Create an approval request for a SharePoint list
In this unit, you'll learn how to build a business-friendly scenario that uses approvals.
In this scenario, anyone who has access to the Microsoft SharePoint list can contribute tweets without knowing anything about Twitter. The social media team can then approve or reject those tweets. That team maintains control of the account and the content that goes out to customers.
Step one: Create a SharePoint list for tweets
You'll use a template that starts an approval process whenever a new item is created in a specific list. If the item is approved, a tweet is then posted to Twitter. For this unit, you'll change the process by adding steps that update a SharePoint list with the approval response, indicate whether the item was approved, and add any comments that the approver added to the proposed tweet.
First, let's create the SharePoint list.
On your SharePoint site, create a SharePoint list named ContosoTweets.
Open the list, and select Add column.
Select + Add column to add the following columns:
- Add a TweetContent column, and set the column type to Multiple lines of text. This will contain the content of the tweets for later approval. Select Save after each column you create.
- Add a TweetDate column, and set the column type to Date and Time. Select More to find the Date and Time type.
- Add an ApprovalStatus column, and set the column type to Yes/No. The approver can then select Yes or No to approve or reject the tweet.
- Add an ApproverComments column, and set the column type to Single line of text. The approver can then add a comment about the approval status.
Copy the URL of the SharePoint list. You'll use it when you create the flow.
Step two: Create an approval request flow
Sign in to Microsoft Flow, and then select Approvals.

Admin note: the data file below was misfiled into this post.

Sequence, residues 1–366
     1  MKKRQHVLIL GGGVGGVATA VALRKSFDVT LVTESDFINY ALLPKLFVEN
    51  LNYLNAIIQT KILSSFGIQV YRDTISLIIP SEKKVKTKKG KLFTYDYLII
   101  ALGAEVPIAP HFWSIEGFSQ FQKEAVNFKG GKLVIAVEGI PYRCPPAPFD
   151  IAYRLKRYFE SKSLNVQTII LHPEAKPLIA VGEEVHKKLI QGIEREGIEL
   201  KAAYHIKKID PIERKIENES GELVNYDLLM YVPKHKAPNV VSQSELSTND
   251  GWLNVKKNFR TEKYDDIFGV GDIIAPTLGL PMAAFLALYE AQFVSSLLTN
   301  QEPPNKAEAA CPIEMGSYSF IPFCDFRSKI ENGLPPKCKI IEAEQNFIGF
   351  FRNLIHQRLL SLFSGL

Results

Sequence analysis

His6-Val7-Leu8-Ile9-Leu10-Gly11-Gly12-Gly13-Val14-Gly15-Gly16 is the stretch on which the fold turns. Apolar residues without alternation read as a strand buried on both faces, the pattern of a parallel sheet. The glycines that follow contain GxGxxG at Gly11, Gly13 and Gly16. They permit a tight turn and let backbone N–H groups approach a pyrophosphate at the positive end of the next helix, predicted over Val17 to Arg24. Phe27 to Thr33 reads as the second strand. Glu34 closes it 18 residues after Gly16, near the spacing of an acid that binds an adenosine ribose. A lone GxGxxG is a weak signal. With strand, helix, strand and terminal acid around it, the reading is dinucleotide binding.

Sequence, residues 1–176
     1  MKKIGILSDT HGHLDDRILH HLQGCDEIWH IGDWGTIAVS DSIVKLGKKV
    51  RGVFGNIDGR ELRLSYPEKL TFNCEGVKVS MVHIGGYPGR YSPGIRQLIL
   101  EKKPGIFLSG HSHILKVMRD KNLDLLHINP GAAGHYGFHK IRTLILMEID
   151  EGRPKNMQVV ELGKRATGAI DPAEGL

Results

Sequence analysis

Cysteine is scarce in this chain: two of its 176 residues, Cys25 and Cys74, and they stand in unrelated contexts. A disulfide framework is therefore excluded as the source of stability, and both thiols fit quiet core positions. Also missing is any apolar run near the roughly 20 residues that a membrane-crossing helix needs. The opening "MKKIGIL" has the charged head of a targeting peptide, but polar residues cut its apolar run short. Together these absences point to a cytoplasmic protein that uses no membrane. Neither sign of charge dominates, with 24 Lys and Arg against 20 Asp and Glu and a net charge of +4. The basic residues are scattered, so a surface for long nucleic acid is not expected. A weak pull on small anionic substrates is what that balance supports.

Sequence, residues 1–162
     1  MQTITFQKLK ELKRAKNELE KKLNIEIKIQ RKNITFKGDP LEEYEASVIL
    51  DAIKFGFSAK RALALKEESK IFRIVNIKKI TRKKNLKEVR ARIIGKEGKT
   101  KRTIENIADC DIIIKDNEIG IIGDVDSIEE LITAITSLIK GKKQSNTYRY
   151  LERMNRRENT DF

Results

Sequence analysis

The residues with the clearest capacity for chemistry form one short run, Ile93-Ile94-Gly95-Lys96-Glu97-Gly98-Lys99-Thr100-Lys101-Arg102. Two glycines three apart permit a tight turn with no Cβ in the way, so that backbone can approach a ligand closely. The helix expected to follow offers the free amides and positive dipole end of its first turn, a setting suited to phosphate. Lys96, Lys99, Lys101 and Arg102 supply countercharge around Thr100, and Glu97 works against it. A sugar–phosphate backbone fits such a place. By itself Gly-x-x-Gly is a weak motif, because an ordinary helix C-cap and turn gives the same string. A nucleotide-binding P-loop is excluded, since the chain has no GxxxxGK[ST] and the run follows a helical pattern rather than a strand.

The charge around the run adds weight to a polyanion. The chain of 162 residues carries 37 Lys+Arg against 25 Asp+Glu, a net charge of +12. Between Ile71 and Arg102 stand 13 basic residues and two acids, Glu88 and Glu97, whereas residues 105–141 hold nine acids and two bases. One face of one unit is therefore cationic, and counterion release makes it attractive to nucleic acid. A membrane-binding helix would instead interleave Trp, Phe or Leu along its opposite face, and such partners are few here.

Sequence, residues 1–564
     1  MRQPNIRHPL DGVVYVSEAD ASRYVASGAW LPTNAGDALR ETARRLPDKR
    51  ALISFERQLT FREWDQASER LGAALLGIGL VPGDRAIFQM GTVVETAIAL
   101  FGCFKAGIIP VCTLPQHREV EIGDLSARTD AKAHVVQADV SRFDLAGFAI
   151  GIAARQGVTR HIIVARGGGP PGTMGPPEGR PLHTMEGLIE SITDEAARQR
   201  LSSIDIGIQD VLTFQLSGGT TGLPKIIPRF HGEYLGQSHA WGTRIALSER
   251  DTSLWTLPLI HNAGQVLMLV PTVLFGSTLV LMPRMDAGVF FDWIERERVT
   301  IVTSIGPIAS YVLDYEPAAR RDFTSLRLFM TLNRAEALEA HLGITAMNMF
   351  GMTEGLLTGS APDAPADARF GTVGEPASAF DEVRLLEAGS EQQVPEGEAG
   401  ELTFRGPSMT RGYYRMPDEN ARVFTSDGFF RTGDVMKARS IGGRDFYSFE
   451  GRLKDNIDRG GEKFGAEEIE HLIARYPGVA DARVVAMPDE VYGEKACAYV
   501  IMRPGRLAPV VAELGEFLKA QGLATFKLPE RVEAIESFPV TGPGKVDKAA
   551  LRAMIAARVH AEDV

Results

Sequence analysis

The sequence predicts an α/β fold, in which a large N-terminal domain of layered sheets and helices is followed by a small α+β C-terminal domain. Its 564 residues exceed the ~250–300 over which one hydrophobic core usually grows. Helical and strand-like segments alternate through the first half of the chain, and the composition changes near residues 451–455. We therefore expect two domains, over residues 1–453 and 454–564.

Select Create approval flow, and then scroll down and select the Post list items to Twitter after approval template.
Make sure your account credentials for SharePoint, Approvals, and Twitter are correct, and then select Continue.
Back in Microsoft Flow, in the When a new item is created action, enter the following values:
- Site Address: Enter the URL of your team's SharePoint site.
- List Name: Select ContosoTweets.
In the Start an approval action, select Edit to show all the fields.
For Title, enter New tweet for, and then select Title in the dynamic content list.
For Assigned to, enter and select either your name or a test user name.
For Details, remove the default items, and add TweetContent, TweetDate, and Created by DisplayName from the dynamic content list. Be sure to add the words on and by to make the content more readable.
For Item Link, paste the URL of your SharePoint list, which you copied in the procedure in Step one. For Item Link Description, enter Contoso Tweet List.
In the Condition action, hover over the IF YES box, select the plus sign (+), and then select Add an action.
Search for update item, select the SharePoint connector, and then select the SharePoint – Update item action.
For Site Address and List Name, enter the URL of the team's SharePoint site and ContosoTweets again. For ID, add ID from the dynamic content list. The ID field is used to match the actual tweet request in the SharePoint list.
Select the Title field, and then, in the dynamic content list, search for title. Add the Title item from the When a new item is created action.
Select ApprovalStatus, and set the value to Yes. Then select ApproverComments, and set the value to Comments from the dynamic content list.
Near the bottom of the IF NO, DO NOTHING box, select Add an action.
Repeat steps 11 through 14 to create a SharePoint – Update item action. Set the same values you set for the IF YES condition. The only difference is that you should set ApprovalStatus to No.
Select the Post a tweet action, select Edit, and set Tweet text to TweetContent from the dynamic content list. This will create the actual tweet and then post it to Twitter when it's approved.
Congratulations! You just created your first flow.
This is just one way that Microsoft Flow can empower your team to be more productive. Your team can contribute ideas, relevant news, or product guidance, but you still maintain control over what's tweeted out to customers.
In the next unit, you'll see what it looks like when an approver receives a new request for a proposed tweet.